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This article is part of the supplement: Selected articles from the IEEE International Conference on Bioinformatics and Biomedicine 2010

Open Access Proceedings

FluReF, an automated flu virus reassortment finder based on phylogenetic trees

Alisa Yurovsky* and Bernard M E Moret

Author affiliations

Department of Computer Science, EPFL (Swiss Federal Institute of Technology), Lausanne, CH-1015, Switzerland

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Citation and License

BMC Genomics 2011, 12(Suppl 2):S3  doi:10.1186/1471-2164-12-S2-S3

Published: 27 July 2011

Abstract

Background

Reassortments are events in the evolution of the genome of influenza (flu), whereby segments of the genome are exchanged between different strains. As reassortments have been implicated in major human pandemics of the last century, their identification has become a health priority. While such identification can be done “by hand” on a small dataset, researchers and health authorities are building up enormous databases of genomic sequences for every flu strain, so that it is imperative to develop automated identification methods. However, current methods are limited to pairwise segment comparisons.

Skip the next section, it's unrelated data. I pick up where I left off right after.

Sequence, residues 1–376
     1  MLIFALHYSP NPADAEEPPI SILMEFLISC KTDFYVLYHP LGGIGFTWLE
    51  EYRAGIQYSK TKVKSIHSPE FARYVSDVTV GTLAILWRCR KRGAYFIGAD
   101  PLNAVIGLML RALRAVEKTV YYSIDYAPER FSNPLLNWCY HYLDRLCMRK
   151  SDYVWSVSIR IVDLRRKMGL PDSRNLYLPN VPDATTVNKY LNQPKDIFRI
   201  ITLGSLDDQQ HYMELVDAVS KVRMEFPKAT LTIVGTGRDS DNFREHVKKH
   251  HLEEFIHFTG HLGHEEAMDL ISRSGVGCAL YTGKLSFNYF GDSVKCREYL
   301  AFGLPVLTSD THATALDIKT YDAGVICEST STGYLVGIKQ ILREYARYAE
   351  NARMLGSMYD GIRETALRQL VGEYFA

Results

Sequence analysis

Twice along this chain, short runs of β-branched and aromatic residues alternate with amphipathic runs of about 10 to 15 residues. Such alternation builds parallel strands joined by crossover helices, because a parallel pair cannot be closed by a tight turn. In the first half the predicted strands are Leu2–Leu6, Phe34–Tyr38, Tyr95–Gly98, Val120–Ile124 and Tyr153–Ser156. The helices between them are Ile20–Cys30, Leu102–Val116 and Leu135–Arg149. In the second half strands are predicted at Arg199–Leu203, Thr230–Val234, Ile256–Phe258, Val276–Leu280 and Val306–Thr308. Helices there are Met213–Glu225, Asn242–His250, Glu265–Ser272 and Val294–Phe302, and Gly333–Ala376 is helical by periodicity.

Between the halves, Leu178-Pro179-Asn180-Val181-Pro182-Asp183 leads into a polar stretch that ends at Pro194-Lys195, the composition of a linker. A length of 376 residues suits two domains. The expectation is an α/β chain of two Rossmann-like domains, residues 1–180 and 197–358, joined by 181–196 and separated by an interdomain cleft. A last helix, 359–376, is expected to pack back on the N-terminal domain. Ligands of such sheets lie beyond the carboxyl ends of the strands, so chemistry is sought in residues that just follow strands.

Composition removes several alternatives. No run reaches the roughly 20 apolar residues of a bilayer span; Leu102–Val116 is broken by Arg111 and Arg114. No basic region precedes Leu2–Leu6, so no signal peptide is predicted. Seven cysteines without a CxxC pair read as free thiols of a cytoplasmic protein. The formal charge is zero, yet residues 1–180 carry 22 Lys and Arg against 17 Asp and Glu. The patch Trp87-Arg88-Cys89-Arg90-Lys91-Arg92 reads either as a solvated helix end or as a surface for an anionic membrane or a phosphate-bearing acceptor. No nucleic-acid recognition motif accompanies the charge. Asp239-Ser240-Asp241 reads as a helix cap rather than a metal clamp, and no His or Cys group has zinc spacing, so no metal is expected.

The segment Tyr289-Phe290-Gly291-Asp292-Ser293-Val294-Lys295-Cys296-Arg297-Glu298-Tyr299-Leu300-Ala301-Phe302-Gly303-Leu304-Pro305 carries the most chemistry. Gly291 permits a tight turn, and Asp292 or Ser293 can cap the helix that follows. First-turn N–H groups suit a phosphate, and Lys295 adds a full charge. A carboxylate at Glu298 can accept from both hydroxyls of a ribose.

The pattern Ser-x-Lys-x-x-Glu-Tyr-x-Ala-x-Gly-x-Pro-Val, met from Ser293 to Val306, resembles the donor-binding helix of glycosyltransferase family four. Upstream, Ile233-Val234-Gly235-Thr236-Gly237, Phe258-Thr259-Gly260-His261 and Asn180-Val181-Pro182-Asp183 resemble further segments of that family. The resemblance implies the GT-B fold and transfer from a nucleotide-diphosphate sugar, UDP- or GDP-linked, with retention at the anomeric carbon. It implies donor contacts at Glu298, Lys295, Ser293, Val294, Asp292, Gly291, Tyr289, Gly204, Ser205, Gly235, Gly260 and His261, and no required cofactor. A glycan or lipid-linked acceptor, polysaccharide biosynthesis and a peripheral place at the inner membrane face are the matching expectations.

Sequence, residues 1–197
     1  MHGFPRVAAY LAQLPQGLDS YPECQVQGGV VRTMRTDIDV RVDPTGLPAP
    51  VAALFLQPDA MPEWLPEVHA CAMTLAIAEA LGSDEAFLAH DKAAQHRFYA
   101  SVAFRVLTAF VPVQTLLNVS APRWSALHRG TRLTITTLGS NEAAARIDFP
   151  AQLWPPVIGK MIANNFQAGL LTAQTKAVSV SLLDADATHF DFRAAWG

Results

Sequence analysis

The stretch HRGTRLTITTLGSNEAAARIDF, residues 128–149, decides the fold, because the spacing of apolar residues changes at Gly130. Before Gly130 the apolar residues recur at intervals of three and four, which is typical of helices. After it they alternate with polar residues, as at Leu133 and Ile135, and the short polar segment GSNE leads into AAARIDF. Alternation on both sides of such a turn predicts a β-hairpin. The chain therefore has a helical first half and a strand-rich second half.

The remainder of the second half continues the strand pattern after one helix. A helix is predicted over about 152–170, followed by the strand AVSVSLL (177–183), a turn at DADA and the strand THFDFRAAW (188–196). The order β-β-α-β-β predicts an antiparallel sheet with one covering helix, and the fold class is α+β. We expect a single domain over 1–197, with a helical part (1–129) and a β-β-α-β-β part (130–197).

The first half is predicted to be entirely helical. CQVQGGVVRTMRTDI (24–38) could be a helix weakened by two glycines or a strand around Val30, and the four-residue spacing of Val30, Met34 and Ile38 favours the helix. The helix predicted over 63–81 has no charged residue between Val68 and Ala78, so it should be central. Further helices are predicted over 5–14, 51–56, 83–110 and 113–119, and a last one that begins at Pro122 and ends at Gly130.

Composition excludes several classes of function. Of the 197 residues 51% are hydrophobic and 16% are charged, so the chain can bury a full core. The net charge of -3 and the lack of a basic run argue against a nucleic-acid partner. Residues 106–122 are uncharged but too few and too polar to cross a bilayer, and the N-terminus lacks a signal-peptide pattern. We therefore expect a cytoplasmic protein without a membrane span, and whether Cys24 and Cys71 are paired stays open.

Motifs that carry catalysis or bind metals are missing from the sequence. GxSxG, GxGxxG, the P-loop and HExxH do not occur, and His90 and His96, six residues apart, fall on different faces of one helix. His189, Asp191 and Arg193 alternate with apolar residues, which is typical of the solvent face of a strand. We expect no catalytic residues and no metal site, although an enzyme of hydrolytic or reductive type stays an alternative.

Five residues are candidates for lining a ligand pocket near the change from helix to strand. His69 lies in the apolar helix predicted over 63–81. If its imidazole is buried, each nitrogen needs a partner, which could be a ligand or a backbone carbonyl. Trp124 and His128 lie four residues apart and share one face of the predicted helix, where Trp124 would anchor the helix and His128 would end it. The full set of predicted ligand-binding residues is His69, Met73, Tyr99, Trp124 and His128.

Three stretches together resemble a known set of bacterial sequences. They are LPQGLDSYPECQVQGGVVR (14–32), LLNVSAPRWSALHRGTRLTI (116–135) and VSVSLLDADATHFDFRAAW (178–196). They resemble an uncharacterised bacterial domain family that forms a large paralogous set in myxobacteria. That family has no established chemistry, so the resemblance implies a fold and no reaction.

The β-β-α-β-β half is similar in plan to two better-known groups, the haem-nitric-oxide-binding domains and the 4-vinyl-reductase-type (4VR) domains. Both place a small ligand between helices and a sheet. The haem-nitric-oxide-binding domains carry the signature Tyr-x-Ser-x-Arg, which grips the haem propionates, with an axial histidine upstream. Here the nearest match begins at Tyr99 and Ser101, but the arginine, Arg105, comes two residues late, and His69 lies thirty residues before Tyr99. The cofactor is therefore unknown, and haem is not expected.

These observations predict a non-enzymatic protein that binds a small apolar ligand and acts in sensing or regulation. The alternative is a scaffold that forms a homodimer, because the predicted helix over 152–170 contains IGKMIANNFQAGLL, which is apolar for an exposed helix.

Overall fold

Results

We present FluReF, a fully automated flu virus reassortment finder. FluReF is inspired by the visual approach to reassortment identification and uses the reconstructed phylogenetic trees of the individual segments and of the full genome. We also present a simple flu evolution simulator, based on the current, source-sink, hypothesis for flu cycles. On synthetic datasets produced by our simulator, FluReF, tuned for a 0% false positive rate, yielded false negative rates of less than 10%. FluReF corroborated two new reassortments identified by visual analysis of 75 Human H3N2 New York flu strains from 2005–2008 and gave partial verification of reassortments found using another bioinformatics method.

Methods

FluReF finds reassortments by a bottom-up search of the full-genome and segment-based phylogenetic trees for candidate clades—groups of one or more sampled viruses that are separated from the other variants from the same season. Candidate clades in each tree are tested to guarantee confidence values, using the lengths of key edges as well as other tree parameters; clades with reassortments must have validated incongruencies among segment trees.

Conclusions

FluReF demonstrates robustness of prediction for geographically and temporally expanded datasets, and is not limited to finding reassortments with previously collected sequences. The complete source code is available from http://lcbb.epfl.ch/software.html webcite.